Wimbledon hopefuls put through their paces at Stoke Park
News of the cancellation of September’s Ladies’ European Masters in Germany prompted speculation that LET is facing a financial crisis.
A report in the Times newspaper on Friday claimed the Tour lost £1 mil- lion in 2014 and 2015 with cash reserves sliding from £1.05m in 2013 to just £72,000 at the end of December.
A statement released by the LET said: “The LET strongly rejects the recent negative speculation in the press about its future.
“The tour has made significant investments over the last few years to raise its brand profile and television footprint, which [have] already led to the introduction of a number of new tournaments.
“As with any international organisation, the LET is always subject to political and commercial disruption around the world and it deeply re- grets that a number of unrelated events have led to tournaments in the first half of this year’s schedule not coming to fruition as planned. We fully understand the frustrations that our members have with the tournament cancellations and are doing everything we can to improve the situation.”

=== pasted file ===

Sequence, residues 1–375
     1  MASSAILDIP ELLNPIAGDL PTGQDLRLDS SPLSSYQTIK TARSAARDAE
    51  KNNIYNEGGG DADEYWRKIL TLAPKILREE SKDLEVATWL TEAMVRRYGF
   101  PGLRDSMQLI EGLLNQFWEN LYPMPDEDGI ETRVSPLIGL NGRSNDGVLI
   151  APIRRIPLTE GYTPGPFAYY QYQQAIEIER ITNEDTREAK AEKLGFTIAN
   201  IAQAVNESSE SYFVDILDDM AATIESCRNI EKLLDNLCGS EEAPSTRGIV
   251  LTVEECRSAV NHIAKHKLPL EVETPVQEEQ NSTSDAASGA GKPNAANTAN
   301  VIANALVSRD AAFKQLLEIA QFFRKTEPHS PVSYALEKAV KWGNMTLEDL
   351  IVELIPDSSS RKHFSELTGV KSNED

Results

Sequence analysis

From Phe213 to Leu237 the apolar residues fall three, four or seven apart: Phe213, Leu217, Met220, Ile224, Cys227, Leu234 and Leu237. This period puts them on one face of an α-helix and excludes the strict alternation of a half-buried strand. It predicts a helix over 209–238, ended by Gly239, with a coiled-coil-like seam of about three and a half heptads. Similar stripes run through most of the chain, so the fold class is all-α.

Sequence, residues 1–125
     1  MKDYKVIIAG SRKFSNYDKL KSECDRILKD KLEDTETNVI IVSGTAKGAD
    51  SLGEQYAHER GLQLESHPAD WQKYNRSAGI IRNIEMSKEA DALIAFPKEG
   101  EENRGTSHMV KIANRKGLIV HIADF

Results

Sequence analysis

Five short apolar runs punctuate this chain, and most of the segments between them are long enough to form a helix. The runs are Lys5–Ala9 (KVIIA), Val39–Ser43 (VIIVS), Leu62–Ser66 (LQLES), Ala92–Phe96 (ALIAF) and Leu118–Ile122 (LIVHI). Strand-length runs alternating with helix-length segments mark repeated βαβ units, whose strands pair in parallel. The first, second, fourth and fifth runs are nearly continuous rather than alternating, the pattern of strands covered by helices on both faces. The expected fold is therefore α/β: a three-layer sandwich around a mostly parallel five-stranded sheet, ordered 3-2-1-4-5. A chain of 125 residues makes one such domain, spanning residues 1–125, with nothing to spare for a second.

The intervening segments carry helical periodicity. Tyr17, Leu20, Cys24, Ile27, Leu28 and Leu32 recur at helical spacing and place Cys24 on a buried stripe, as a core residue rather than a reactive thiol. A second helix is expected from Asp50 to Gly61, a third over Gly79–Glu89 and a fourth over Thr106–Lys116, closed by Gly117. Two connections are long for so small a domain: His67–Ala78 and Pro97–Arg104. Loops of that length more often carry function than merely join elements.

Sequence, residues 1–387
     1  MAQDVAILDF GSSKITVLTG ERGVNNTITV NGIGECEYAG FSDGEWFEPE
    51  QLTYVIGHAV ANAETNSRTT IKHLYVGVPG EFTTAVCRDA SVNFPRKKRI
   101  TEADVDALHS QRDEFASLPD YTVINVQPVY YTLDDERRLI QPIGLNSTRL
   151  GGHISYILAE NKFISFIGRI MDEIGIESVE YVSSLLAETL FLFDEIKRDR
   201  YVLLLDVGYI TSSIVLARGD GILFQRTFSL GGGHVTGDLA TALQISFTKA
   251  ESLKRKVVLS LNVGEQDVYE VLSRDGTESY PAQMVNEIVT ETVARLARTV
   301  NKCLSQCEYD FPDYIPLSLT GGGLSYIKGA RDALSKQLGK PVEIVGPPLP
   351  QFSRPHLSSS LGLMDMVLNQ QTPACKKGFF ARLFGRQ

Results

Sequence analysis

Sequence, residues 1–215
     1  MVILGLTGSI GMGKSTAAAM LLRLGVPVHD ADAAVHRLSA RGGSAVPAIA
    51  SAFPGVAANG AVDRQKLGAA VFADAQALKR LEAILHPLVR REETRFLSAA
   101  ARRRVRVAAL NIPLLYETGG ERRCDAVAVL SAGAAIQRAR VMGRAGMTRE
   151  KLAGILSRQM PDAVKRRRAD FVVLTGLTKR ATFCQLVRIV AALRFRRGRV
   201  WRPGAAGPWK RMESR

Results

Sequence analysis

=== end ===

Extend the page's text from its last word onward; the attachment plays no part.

When asked to outline the separate ‘unrelated events’ that led to the cancellation of the Masters – as well as the Buick Championship in Shanghai, the Czech Open, the Turkish Ladies Open and a southern European event pencilled in to be staged in Italy – LET refused to comment and re- ferred the Bucks Advertiser to its earlier statement.
A tour official refused to confirm the £72,000 figure for the organisation’s reserves in December and to say how much it has in assets. The official refused to explain why players have reportedly been advised not to book travel for the Qatar Ladies Open in November, although the blockade of the Gulf state by its neighbours for allegedly financing terrorism may be a factor.
The Advertiser tried to contact Dimmock but she was unavailable for comment on the tour’s reported travails at the time of going to press.